3 Anaesthesia, 2008, 63, pages doi: /j x GUIDELINES Infection Control in Anaesthesia Association of Anaesthetists of Great Britain and Ireland Membership of the Working Party: Gemmell L, Chair; Birks R, President Elect; Radford P, Royal College of Anaesthetists representative; Jeffries D, National Institute for Health and Clinical Excellence; Ridgway G, consultant microbiologist; McIvor D, Medicines and Healthcare Products Regulatory Authority; Executive Officers of AAGBI, ex officio This is a consensus document produced by expert members of a Working Party established by the Association of Anaesthetists of Great Britain and Ireland (AAGBI). It updates and replaces previous guidance published in Summary (1) A named consultant in each department of anaesthesia should liaise with Trust Infection Control Teams and Occupational Health Departments to ensure that relevant specialist standards are established and monitored in all areas of anaesthetic practice. (2) Precautions against the transmission of infection between patient and anaesthetist or between patients should be a routine part of anaesthetic practice. In particular, anaesthetists must ensure that hand hygiene becomes an indispensable part of their clinical culture. (3) Anaesthetists must comply with local theatre infection control policies including the safe use and disposal of sharps. (4) Anaesthetic equipment is a potential vector for transmission of disease. Policies should be documented to ensure that nationally recommended decontamination practices are followed and audited for all reusable anaesthetic equipment. (5) Single use equipment should be utilised where appropriate but a sterile supplies department (SSD) should process reusable items. (6) An effective, new bacterial viral breathing circuit filter should be used for every patient and a local policy developed for the re-use of breathing circuits in line with manufacturer s instructions. The AAGBI recommends that anaesthetic departments should consider changing anaesthetic circuits on a daily basis in line with daily cleaning protocols. (7) Appropriate infection control precautions should be established for each anaesthetic procedure, to include maximal barrier precautions for the insertion of central venous catheters, spinal and epidural procedures and any invasive procedures in high risk patients Introduction The Association of Anaesthetists of Great Britain and Ireland (AAGBI) published guidelines in 2002 on problems relating to infection control in anaesthetic practice. In addition to AAGBI Officers and Council members, representation included the Royal College of Anaesthetists and the Medicines and Healthcare Products Regulatory Authority (MHRA). This is an updated version of that guidance document. Healthcare organisations now have a legal responsibility to implement changes to reduce healthcare associated infections (HCAIs). The Health Act 2006 provided the Healthcare Commission with statutory powers to enforce compliance with the Code of Practice for the Prevention and Control of Healthcare Associated Infection (The Code). The Code provides a framework for NHS Bodies to plan and implement structures and systems aimed at prevention of HCAIs. The Code sets out criteria that mandate NHS bodies, including Acute Trusts, and which ensure that patients are cared for in a clean environment. Anaesthetists should be in the forefront of ensuring that their patients are cared for in the safest possible environment. Further advice can be obtained from the Department of Health (DOH) website clean-safe-care.nhs.uk. Journal compilation Ó 2008 The Association of Anaesthetists of Great Britain and Ireland 1027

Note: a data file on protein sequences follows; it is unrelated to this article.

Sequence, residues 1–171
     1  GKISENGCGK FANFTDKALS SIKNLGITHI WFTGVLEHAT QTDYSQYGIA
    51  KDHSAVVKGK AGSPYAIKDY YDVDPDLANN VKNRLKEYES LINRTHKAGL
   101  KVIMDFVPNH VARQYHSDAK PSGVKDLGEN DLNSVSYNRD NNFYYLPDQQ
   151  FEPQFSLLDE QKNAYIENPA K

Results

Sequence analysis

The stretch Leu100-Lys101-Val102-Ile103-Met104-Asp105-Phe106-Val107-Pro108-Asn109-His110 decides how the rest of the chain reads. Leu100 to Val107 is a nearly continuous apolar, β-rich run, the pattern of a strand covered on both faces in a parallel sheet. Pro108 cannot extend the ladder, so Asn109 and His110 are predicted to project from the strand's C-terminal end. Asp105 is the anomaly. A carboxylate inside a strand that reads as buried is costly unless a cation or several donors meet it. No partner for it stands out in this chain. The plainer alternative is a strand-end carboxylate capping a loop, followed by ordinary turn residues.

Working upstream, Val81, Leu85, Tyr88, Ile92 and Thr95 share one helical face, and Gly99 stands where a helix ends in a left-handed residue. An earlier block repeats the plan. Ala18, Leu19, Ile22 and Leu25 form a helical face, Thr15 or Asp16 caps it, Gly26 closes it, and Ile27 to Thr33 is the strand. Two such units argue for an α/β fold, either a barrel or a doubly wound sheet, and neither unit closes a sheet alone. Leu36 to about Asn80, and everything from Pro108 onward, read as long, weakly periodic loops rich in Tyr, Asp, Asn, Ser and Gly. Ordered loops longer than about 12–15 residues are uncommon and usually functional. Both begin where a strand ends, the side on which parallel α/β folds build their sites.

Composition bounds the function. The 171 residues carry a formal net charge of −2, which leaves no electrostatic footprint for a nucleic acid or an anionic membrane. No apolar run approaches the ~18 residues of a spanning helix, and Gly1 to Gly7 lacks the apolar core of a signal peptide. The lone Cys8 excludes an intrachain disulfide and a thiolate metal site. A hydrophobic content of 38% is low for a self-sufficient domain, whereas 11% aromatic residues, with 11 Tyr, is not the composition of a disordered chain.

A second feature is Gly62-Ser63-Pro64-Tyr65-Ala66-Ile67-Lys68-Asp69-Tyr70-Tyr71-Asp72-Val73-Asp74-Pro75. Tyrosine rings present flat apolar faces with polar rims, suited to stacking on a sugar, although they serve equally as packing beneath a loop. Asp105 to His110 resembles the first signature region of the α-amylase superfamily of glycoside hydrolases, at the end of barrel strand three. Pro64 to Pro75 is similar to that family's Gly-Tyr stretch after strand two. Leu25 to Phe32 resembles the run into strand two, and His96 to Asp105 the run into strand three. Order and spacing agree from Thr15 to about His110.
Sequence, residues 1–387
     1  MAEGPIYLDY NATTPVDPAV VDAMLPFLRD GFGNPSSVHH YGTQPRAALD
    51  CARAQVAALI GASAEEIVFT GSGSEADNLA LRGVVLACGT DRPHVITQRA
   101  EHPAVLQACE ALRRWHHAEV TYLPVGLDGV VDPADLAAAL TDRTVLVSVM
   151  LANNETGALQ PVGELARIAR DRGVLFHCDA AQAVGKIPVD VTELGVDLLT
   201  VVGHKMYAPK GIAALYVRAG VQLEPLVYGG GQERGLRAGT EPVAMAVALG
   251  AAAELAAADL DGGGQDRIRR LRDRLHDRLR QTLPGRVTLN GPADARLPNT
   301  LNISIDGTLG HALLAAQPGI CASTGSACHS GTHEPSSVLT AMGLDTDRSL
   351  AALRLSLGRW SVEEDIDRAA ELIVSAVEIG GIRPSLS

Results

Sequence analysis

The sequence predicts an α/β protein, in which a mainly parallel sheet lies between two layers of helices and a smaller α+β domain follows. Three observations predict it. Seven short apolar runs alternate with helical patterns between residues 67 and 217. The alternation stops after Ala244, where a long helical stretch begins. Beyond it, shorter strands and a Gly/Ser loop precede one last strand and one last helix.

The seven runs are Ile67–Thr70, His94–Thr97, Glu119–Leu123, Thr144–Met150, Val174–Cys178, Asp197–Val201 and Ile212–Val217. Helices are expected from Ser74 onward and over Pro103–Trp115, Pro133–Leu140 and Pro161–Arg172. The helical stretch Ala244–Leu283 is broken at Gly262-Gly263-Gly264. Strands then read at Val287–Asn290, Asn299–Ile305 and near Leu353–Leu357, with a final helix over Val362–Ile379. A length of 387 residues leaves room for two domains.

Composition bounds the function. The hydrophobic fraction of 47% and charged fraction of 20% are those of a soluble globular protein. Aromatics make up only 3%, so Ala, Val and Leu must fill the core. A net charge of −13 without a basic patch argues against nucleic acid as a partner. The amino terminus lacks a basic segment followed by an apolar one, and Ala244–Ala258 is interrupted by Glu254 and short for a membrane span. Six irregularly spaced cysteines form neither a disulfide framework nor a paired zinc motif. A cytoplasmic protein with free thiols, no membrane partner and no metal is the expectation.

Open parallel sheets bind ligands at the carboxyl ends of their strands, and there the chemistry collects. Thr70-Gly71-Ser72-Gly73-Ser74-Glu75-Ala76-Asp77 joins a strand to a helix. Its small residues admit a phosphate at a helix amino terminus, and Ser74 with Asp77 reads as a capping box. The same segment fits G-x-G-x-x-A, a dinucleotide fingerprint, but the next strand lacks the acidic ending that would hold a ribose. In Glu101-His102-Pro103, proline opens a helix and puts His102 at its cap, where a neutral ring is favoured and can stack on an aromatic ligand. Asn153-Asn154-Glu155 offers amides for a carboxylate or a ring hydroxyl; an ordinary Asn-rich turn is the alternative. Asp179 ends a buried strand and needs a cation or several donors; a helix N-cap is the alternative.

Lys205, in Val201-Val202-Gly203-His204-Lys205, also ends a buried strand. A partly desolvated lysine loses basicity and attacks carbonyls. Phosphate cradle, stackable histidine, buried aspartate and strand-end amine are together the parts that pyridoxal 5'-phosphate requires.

4 Infection control in anaesthesia Anaesthesia, 2008, 63, pages General principles Healthcare providers have responsibilities under the Health and Safety at Work Act 1974; offences against the Act are covered by Criminal Law. The Control of Substances Hazardous to Health (COSHH) Regulations 1999 have been considered part of the Health and Safety at Work Act; the Act ensures that Trusts are responsible for the health and safety of their employees and others (including visitors and patients), and the control and management of the risk of infection. As part of the Health Act 2006, the Department of Health (DOH) released the Code of Practice for the Prevention and Control of Healthcare Associated Infections [1]. Trust Chief Executives are accountable for ensuring that care delivered within each Trust meets relevant standards. Trusts should have Infection Control Committees and Infection Control Teams responsible for preparing policies and monitoring compliance with appropriate standards. A microbiologist should be designated to provide advice on microbiological aspects of decontamination and sterilisation. The AAGBI Working Party recommends that a named consultant in each Department of Anaesthesia should liaise with the Infection Control Team and the Occupational Health Department to ensure that relevant standards are established and monitored in all areas of anaesthetic practice. The environment Hospital environmental hygiene encompasses a wide range of routine activities that are important in the prevention of HCAI. The hospital must be visibly clean and acceptable to patients, visitors and staff. Statutory requirements must be met in relation to safe disposal of clinical waste, laundry and linen. Bed occupancy should ensure enough time between patient admissions to ensure adequate cleaning and decontamination of the patient area. The Code of Practice enshrines in law the duty of Trusts to maintain a clean and appropriate environment for patients including the fabric of the building and related structures. Operating theatres and associated areas should be designed and maintained to the standards defined in Health Building Note 26, Facilities for Surgical Procedures published in Microbiological commissioning and monitoring of operating theatre suites should adhere to national recommendations. Standard precautions Anaesthetists will be involved in the care of patients who may harbour potentially pathogenic organisms, which may not be obvious or readily identifiable. Precautions aimed at preventing the transmission of organisms between patient and anaesthetist or between patients must be a routine part of anaesthetic practice. The AAGBI recommends the use of Standard Precautions, which incorporate additional safeguards for specific procedures and patients, including single-use gloves, fluid resistant masks with a transparent face shield and gowns [2]. Precautions are recommended for all patients regardless of their diagnosis or presumed infectious status and must be implemented when there is a possibility of contact with: 1 Blood. 2 All other body fluids. 3 Non-intact skin. 4 Mucous membranes. Preventative measures should be based on the likelihood of an infectious agent being present, the nature of the agent and the possibility of dispersion, e.g. splashing. A standard set of precautions should be established for every invasive procedure (see below) with additional risk assessment of each patient to determine extra and specific precautions that may be appropriate. Hand hygiene Anaesthetists must ensure that good hand hygiene becomes an indispensable part of their clinical culture Hand-mediated transmission is the major contributing factor to infection associated with healthcare [3]. Effective hand decontamination immediately before every episode of direct patient contact will result in a significant reduction in the transfer of potential pathogens and a decrease in the incidence of preventable HCAI [4]. Despite consistent advice, staff often neglect hand hygiene when caring for patients. At the start of every session, and when visibly soiled or potentially contaminated, hands must be washed with liquid soap and water. When there is no soiling, the Hand Hygiene Liaison Group advocates that staff should use an antimicrobial hand rub between patients or activities [5] as this is effective and quicker. It is vital to ensure that the whole hand and fingers (particularly the tips), are exposed to the hand rub. Antimicrobial hand rub is not effective in preventing cross infection with Clostridium difficile. Trusts must ensure that sinks, soap and antimicrobial hand rubs are conveniently placed to encourage regular use. Watches and jewellery (including dress rings and wrist adornments) must be removed at the beginning of each clinical session, before regular hand decontamination begins. Cuts and abrasions must be covered with waterproof dressings, which must be changed as appropriate. Staff with dermatitis, psoriasis or other skin conditions should consult with the Occupational Health Department for further advice Journal compilation Ó 2008 The Association of Anaesthetists of Great Britain and Ireland